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Marriage: De Dicto and De Re

June 20th, 2007 · 5 Comments

I was just chatting with an old friend about attitudes toward marriage and children. I’ve always understood the desire for these things (to borrow a bit of philosophy jargon) in the de re, but not the de dicto sense. That is, I understand full well being crazy about a specific person with whom you’d like to get married or raise children, and could imagine myself wanting that someday easily enough. But I’ve always found the abstract desire to do either—partner to be determined—somewhat more mysterious. And I finally came up with an analogy that I think captures my perplexity: It’s like expressing an overwhelming urge to join the clergy, without having any particular religion in mind.

Addendum: Obviously, there’s nothing at all mysterious if (as one commenter suggests) you take an expressed desire to marry as shorthand for “I hope I meet someone I fall so seriously in love with—and who returns the favor—that we would get married.” But my sense is that at least some people mean something more than this, that the institutional arrangement is a distinct, and possibly even a prior, goal.

Tags: Sexual Politics



5 responses so far ↓

  • 1 FinFangFoom // Jun 20, 2007 at 5:39 pm

    I don’t think the analogy is apt. I think most people speaking in the de dicto sense are considering it as the highest form of a romantic relationship. Merely long term/permanent girlfriend -boyfriend would appear inferior to them. It is more of a desire to be in Superlove rather than merely love.

  • 2 LP // Jun 20, 2007 at 6:14 pm

    The analogy seems pretty good, but not especially perplexing — there are plenty of people out there who have a deep desire for religion, and kind of cast about until they find one that suits them. As for why some people have this abstract desire for marriage and family, without a specific partner in mind — I think this might be related to the relative vividness of a one’s emotional imagination. Someone with a vivid emotional ‘picture’ of how it would feel to be so passionate about someone as to want those things (marriage, children) is likely to develop a strong desire for that state, partner TBD. (One might observe here that women, who tend towards vivid emotional projection, seem to have this abstract longing more often than men, who tend to have good practical imagination but less interest/aptitude for projecting future emotional states.)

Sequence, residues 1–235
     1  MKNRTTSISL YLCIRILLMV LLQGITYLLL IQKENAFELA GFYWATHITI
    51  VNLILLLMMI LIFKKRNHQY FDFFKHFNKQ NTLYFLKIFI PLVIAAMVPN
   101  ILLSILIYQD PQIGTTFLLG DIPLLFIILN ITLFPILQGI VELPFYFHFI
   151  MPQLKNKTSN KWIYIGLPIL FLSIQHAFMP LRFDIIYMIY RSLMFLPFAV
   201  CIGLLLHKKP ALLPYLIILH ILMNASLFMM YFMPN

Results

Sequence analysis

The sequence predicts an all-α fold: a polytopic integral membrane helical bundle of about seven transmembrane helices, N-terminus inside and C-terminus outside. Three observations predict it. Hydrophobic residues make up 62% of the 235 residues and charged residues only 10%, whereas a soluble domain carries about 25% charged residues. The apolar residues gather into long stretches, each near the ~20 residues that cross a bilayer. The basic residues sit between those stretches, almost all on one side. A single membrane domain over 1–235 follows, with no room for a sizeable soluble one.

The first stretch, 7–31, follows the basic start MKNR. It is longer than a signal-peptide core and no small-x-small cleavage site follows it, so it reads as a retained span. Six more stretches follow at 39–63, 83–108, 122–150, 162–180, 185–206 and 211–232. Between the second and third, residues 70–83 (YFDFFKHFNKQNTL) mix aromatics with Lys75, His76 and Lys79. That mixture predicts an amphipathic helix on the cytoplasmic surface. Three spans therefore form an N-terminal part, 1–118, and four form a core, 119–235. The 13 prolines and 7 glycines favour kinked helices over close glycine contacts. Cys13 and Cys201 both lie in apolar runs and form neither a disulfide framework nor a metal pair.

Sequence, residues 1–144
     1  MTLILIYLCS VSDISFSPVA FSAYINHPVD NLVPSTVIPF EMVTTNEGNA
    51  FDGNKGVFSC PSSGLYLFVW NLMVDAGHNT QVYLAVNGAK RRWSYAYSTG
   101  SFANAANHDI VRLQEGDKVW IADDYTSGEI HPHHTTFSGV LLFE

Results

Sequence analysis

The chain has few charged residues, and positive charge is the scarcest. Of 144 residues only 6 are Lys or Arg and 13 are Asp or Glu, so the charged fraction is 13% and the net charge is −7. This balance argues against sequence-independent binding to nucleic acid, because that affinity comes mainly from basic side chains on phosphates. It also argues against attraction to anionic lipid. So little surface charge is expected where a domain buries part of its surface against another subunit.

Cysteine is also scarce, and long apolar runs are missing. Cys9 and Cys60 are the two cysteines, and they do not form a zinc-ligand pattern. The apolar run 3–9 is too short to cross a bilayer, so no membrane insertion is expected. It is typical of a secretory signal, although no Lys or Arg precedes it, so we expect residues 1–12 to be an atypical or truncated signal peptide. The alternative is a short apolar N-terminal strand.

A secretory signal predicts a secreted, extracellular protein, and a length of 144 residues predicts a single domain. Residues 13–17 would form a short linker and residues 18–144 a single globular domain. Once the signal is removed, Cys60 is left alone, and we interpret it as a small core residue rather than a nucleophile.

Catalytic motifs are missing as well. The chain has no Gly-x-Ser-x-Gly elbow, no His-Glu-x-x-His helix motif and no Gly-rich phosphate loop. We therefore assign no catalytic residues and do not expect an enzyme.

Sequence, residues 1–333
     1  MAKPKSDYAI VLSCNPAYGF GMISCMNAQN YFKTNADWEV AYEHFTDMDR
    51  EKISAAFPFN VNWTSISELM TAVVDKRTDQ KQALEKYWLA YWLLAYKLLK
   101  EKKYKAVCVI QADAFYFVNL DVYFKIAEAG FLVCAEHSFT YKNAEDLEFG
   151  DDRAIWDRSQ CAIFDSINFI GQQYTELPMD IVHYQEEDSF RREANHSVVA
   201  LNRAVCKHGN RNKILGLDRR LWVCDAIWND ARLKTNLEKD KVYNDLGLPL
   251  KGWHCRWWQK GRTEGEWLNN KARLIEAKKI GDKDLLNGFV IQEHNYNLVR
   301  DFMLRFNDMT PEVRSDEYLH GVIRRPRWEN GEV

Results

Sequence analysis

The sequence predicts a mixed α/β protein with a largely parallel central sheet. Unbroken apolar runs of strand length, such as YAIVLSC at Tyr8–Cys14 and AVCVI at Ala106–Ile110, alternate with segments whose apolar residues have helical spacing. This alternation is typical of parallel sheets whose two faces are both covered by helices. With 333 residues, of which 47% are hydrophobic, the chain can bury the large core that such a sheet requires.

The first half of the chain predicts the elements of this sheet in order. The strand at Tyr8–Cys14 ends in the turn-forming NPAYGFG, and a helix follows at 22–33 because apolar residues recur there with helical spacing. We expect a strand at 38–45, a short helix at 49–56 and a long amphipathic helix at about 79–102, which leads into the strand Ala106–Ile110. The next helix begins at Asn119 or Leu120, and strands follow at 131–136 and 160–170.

• 3 FinFangFoom // Jun 20, 2007 at 11:45 pm

    I’m not sure what you mean by “institutional arrangement.” Do you mean like the legal institution with its attendant benefits and detriments? Do you mean it in a sense of people wanting to be married like others want a good career? I do think that the majority of Americans still view marriage as the sort of final, adult period of one’s social life.

  • 4 John Goes // Jun 21, 2007 at 8:40 am

    There is nothing really all that strange about wanting to be a religious without knowing what religion if any you believe. How many people have mused about being a monk, some with quite a bit of seriousness, without having any religion at all? It’s much more common to muse about having a child. Afterall, even when you have found someone you want to have children with, you haven’t met your children and don’t really know what you’re going to get until you get them. When a couple is talking about having children, though, the desire is not entirely abstract, though the felt future is dim. The same with most people’s desire to have sons and daughters. Many people already have a dim awareness of their progeny and wish to have it actualized.

  • 5 joeo // Jun 21, 2007 at 5:25 pm

    john goes is right on this one. It isn’t silly to want to be married and have kids.

    There are also a lot of things that are common to the being married and having kids experience in general. It is surprisingly “everybody loves raymond”-y no matter who you marry.

    This article suggests that men get married when they start to feel too old for the singles scene:

    Many men reluctantly admitted that for more than a year, they had felt uncomfortable in the singles world where they had been hanging out for the past five years. The singles world for professionals obviously is an older and more sophisticated crowd than that for men whose formal education ended in high school, but eventually men from both groups had the same experience.

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